More Security FUDBy Ericka Chickowski | Posted 2008-04-07 Email Print
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Analysts predict top three overhyped technologies at the 2008 RSA Conference.
2. Governance, Risk and Compliance (GRC)
Compliance has always been a big pain point for enterprises and, as such, a favorite selling point for security vendors. This year, the phrase du jour among security marketers is governance, risk and compliance (GRC). The problem is, Kelley says, that GRC’s umbrella is so broad that it isn’t a very descriptive label.
“Any vendor in security can say that they have some level of governance, risk, and compliance, so it seems like every vendor at RSA can push GRC as a component of what they’re offering,” she says. “And it runs the huge gamut between the Polivecs of the world that help you write your polices, to the products that go out and tell you the topology of your network or that assess inventory of your network or have technical security policy management ."
Rothman agrees with Kelley about GRC, adding that some companies that initially coined the term are interesting but the market is not there yet.
“Those are basically work flow engines to help people manage the process of compliance for big companies that have to gather a lot of data and have complicated requirements,” he says. “Are these things interesting? Yeah. Is there a huge market? Not yet. Is this something that is overly interesting? Not to me. But again, I do think there’s going to be a lot of folks talking about this at RSA.”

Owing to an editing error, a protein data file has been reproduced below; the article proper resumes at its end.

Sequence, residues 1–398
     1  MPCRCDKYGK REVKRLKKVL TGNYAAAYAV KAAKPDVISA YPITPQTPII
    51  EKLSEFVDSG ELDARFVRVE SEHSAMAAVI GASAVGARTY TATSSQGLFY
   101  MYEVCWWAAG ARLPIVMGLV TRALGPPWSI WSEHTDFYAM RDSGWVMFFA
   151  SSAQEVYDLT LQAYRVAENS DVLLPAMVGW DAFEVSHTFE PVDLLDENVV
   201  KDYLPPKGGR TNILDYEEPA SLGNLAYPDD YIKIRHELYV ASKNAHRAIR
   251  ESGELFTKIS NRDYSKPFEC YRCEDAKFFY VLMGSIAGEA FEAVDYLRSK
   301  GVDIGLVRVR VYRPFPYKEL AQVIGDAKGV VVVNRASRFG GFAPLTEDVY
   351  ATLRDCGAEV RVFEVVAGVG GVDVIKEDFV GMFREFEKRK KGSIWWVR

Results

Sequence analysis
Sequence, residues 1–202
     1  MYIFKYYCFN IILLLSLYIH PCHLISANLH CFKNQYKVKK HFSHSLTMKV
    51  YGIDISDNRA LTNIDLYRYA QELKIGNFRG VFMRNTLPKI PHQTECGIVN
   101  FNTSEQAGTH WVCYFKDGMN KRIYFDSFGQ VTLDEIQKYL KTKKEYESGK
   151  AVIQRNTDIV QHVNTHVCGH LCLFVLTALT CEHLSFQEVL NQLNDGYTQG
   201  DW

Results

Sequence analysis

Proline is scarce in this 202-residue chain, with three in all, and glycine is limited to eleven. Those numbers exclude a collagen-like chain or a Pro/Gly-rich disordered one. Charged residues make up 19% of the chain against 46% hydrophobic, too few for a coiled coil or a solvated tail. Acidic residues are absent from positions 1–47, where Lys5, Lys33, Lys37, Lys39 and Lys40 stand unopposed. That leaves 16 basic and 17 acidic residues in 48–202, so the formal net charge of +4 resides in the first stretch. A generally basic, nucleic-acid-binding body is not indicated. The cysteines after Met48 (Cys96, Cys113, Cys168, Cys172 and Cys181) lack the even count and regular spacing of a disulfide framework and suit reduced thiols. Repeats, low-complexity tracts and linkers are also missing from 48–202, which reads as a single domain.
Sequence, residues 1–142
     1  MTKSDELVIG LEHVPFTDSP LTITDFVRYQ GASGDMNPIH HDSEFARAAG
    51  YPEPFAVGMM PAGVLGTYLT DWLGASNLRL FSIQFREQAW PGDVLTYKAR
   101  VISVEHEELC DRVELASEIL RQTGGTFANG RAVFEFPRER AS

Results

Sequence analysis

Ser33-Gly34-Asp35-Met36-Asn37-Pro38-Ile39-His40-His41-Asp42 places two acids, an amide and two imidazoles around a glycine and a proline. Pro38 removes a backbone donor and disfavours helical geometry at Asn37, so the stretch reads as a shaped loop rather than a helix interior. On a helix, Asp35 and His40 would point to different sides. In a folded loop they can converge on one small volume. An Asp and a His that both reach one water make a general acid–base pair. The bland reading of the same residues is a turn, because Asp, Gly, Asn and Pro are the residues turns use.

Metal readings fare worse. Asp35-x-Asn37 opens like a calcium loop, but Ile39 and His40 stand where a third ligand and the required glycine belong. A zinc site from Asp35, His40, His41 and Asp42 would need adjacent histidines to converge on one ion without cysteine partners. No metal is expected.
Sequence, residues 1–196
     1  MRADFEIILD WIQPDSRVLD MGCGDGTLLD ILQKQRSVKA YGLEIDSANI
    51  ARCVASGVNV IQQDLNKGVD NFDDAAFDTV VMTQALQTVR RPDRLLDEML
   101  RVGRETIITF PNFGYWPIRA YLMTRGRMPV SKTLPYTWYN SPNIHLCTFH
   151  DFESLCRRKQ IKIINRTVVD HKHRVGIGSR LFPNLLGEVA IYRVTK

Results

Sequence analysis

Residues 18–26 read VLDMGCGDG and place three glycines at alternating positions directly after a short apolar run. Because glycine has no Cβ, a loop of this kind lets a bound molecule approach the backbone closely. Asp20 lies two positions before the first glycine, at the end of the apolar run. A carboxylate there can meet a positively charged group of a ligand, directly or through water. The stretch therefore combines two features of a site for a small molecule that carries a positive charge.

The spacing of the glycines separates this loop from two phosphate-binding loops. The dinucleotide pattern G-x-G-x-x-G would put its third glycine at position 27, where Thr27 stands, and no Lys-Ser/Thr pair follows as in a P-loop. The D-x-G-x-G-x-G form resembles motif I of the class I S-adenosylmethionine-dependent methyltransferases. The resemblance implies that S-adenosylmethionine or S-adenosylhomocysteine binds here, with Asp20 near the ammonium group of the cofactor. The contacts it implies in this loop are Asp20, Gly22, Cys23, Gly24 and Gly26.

Another category title that is suffering from meaninglessness due to marketing overuse is data leakage protection (DLP). Rich Mogull of Securosis believes that this year’s RSA will see many vendors trying to ride on the coattails of the DLP market due to its buzz-worthy nature in the wake of dozens of high-profile data breaches.
“There’s going to be a lot of DLP being overhyped this year. Some of it will be from the DLP vendors themselves, but a lot of it’s going to be from the people who wish they had DLP but don’t,” Mogull says. “There’s going to be a lot of data protection stuff, and with a lot of it, they’re going to call themselves DLP, but it’s not going to be DLP. Every encryption vendor and general data protection vendor will be waving the DLP flag.”
Mogull defines DLP as products that identify, monitor and protect data at rest, in motion and in use through deep content analysis based on central policies. Products that don’t meet all of those criteria aren’t pure-play DLP products, he warns.